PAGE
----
But of course, everyone knows that CalMex, and chiles relleno made with Anaheim peppers are the unequivocal best in the world. That's a given. '-)

                              1. re: Caroline1

                                You know... Cal Mex is responsible for the El Torito & Taco Bell chains... two major culprits for the crap that gets passed around as Mexican... the majority of the dishes that get assaulted as Tex-Mex crap were actually created in the Sub-urbs of L.A.... I think Cal Mex is certainly no better than Tex Mex.

                                I do realize food is an emotional issue... but like other things of personal & cultural preference there are ways to come up with measureable criteria. For example, we can look at all the music traditions around the world and come up with 10 to 15 attributes that particular songs, styles, genres & performers that are relevant 50+ years later all share in common. Similar we can do the same with food... I have no doubt that on any metrics drafted by a council of Chowhounds.... Tex-Mex, Cal-Mex, New-Mex-Mex will be obliterated by Mexican.... there is just no comparison in the range.

                                Just like you pointed out earlier... in your experience with Mexican-American cuisine you never once saw a stalk of Asparagus.... Mexican cuisine on the other hand has the depth & breadth that (for those who really have experienced it) put its in the same ball park as other great culinary traditions like Chinese, French, Italian, Spanish, Turkish, Indian etc.,

                                1. re: Eat_Nopal

                                  LOL! Honeybunch, you need to let your sense of humor out of the box to come and play for a while. You've had your nose stuck to the research grindstone too long! Far as I know, not a soul in a carload here has said anything about Mexican cuisine not being world class... Nobody, no how, no way!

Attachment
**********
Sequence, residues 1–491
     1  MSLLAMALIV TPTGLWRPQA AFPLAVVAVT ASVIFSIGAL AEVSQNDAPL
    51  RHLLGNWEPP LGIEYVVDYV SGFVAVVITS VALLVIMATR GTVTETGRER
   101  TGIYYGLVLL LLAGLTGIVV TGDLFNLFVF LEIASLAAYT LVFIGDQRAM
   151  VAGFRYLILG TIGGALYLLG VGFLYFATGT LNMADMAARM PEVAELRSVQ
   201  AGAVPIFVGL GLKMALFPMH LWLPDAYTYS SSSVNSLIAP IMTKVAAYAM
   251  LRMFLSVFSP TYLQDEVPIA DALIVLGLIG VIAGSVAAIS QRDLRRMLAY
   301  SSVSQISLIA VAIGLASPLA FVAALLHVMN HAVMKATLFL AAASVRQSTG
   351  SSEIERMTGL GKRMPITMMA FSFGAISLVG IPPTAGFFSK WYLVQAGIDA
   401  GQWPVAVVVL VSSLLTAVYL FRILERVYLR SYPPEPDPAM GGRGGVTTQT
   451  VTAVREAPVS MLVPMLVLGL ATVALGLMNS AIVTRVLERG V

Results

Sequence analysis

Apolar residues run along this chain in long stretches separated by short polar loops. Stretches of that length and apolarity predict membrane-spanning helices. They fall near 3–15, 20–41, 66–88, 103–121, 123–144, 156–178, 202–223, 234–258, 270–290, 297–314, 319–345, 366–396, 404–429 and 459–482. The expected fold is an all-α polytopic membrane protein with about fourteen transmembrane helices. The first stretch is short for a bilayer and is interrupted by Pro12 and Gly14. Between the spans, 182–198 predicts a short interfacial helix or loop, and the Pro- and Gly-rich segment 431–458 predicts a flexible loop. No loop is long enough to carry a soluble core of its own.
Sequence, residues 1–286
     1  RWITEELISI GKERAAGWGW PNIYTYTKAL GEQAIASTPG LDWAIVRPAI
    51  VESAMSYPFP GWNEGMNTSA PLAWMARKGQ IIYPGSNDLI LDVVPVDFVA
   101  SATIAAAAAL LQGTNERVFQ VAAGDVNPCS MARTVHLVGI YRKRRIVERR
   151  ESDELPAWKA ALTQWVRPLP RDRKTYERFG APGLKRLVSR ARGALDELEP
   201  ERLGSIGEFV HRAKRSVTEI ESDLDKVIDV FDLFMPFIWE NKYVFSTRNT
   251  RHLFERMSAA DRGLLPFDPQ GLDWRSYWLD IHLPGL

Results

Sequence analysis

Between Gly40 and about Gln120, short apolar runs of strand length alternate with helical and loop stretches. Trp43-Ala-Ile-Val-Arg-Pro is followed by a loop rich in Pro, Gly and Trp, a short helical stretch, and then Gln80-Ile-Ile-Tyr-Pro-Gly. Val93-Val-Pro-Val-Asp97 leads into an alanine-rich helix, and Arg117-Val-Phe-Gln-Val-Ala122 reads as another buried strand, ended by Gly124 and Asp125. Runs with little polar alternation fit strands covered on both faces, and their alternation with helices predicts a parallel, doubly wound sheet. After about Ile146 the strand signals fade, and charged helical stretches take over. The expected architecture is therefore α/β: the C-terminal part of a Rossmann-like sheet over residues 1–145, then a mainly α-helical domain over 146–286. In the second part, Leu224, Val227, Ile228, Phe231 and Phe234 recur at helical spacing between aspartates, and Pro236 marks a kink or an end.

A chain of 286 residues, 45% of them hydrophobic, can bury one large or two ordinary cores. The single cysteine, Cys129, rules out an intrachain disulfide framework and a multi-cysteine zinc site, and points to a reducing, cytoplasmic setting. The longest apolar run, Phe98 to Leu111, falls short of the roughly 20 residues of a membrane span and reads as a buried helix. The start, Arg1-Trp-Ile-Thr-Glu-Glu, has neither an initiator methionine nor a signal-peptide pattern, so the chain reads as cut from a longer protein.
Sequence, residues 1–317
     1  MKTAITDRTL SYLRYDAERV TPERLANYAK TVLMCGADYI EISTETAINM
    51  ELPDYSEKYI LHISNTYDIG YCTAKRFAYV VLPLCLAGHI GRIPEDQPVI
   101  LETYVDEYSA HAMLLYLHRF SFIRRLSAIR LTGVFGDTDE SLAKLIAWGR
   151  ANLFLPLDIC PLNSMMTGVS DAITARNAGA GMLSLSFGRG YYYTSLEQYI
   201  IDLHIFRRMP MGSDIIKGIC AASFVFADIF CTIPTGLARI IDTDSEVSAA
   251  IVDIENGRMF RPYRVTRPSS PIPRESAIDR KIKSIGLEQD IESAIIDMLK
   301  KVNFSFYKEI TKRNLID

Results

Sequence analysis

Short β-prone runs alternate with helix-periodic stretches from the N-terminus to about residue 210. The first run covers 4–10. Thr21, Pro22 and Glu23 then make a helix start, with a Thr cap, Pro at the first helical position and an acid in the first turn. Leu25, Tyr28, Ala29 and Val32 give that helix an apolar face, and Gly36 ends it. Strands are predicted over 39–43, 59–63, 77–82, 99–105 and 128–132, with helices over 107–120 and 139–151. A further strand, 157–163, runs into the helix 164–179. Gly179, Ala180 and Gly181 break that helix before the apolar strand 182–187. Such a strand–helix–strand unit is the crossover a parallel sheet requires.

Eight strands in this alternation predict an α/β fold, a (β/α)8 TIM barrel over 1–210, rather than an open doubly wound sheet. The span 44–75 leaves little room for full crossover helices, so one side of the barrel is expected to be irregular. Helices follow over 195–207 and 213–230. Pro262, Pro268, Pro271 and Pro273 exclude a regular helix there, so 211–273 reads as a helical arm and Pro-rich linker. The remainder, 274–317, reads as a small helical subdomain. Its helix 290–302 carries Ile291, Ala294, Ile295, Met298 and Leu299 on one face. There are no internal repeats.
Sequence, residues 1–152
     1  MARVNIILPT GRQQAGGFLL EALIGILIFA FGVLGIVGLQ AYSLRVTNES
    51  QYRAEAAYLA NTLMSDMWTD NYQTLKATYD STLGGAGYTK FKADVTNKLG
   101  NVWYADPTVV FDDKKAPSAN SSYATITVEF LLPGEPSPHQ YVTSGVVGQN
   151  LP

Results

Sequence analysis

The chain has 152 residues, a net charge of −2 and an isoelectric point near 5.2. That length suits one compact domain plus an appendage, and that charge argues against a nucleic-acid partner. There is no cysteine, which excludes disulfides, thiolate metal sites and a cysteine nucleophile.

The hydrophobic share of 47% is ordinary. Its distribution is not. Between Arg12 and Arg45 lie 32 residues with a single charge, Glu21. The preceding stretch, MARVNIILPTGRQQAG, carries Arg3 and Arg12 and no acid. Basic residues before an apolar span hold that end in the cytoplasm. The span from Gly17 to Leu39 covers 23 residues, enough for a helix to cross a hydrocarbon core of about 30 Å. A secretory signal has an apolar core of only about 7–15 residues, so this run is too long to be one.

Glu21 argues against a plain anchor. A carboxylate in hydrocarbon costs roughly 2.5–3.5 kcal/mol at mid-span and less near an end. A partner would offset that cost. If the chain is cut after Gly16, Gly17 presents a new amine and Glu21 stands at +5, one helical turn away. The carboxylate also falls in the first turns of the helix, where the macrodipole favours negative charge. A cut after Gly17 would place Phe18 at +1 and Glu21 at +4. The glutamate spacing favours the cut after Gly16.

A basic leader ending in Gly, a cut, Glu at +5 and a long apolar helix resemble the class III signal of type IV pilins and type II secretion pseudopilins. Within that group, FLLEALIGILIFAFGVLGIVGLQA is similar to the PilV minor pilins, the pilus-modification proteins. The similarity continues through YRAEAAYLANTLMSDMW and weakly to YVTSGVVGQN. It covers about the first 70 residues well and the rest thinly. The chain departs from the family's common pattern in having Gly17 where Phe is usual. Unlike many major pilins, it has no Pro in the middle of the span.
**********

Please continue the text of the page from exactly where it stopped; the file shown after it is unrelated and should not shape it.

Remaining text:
But wait a minute! Talk about bad mouthing! Just WHAT is wrong with El Torito? I *LOVE* their corn pudding or whatever those little squares of stuff they ration out like tires during WWII are... I once ordered five combo plates but only ate those. Deeeeelicious...!!! '-)

                                  1. re: Caroline1

                                    Sweet corn tamales. The other contender for "biggest combo glop Mexican-ish restaurant", Acapulco, has a buffet lunch in some locations -- like Glendale, CA -- and have these things available. I love them.

                            2. re: cimui

                              You are kidding about Hong Kong Chinese, right? It falls under the Cantonese category and is one of the great cuisines of China.

                              1. re: suse

                                no, i'm talking about things like coffee tea (half of each), ham and egg buns, spaghetti served with pork chop and ketchup sauce, that kind of thing -- not straight up cantonese, which is a very different story.

                                1. re: cimui

                                  Stop it, you're making me hungry!!

                                  1. re: Das Ubergeek

                                    *laugh* it all sounds so awful on paper (ketchup sauce?), but some of it is surprisingly good...

                                    i love this thread:

                                  2. re: cimui

                                    OMG -- those sound awful and disgusting!

                                    1. re: RGC1982